Author(s): Wagenmakers EJ, Farrell S
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Abstract The Akaike information criterion (AIC; Akaike, 1973) is a popular method for comparing the adequacy of multiple, possibly nonnested models. Current practice in cognitive psychology is to accept a single model on the basis of only the "raw" AIC values, making it difficult to unambiguously interpret the observed AIC differences in terms of a continuous measure such as probability. Here we demonstrate that AIC values can be easily transformed to so-called Akaike weights (e.g., Akaike, 1978, 1979; Bozdogan, 1987; Burnham & Anderson, 2002), which can be directly interpreted as conditional probabilities for each model. We show by example how these Akaike weights can greatly facilitate the interpretation of the results of AIC model comparison procedures.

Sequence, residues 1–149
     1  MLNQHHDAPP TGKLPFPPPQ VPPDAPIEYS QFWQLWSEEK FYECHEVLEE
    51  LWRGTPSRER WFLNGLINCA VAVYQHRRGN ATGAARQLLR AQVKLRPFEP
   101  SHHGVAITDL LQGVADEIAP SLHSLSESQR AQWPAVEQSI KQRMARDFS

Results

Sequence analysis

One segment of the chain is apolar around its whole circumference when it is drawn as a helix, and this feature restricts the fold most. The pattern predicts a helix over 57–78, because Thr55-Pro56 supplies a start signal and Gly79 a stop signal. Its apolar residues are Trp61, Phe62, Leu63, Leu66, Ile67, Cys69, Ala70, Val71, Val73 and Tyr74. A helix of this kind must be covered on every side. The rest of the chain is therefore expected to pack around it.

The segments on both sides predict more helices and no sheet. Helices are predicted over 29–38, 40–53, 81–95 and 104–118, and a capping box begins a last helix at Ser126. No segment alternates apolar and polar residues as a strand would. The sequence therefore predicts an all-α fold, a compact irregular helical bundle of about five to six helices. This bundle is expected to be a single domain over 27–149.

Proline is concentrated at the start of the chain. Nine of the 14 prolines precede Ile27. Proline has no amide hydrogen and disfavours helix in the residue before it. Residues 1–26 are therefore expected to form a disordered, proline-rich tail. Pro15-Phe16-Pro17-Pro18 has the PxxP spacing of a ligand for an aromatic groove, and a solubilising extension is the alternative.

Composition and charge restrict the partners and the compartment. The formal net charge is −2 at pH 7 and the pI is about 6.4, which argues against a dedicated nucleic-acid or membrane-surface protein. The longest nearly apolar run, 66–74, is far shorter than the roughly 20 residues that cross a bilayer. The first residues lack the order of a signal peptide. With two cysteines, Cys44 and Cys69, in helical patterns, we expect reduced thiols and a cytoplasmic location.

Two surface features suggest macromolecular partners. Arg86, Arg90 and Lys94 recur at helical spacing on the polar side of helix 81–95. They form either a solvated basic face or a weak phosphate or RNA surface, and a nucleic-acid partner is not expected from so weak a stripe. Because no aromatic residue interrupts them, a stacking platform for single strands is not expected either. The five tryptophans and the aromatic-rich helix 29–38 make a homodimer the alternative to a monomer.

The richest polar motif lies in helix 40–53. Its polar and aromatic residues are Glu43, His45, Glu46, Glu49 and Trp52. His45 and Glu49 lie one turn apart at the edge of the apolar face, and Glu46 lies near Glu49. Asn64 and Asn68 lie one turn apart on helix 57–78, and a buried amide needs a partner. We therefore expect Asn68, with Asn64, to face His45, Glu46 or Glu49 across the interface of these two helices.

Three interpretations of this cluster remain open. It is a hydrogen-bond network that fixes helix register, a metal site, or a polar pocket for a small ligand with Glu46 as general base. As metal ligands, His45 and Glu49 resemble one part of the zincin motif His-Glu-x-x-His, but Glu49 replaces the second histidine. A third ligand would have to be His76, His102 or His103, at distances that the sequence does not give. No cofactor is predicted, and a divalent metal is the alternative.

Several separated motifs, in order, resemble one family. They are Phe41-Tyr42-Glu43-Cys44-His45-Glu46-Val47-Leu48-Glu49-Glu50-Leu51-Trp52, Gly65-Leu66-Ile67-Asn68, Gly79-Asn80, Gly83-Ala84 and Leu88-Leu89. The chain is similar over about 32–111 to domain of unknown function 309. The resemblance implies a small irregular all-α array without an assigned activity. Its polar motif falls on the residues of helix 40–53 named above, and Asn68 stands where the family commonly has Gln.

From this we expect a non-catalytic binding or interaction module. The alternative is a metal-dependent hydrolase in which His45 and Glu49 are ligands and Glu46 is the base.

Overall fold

This article was published in Psychon Bull Rev
and referenced in Journal of Environmental & Analytical Toxicology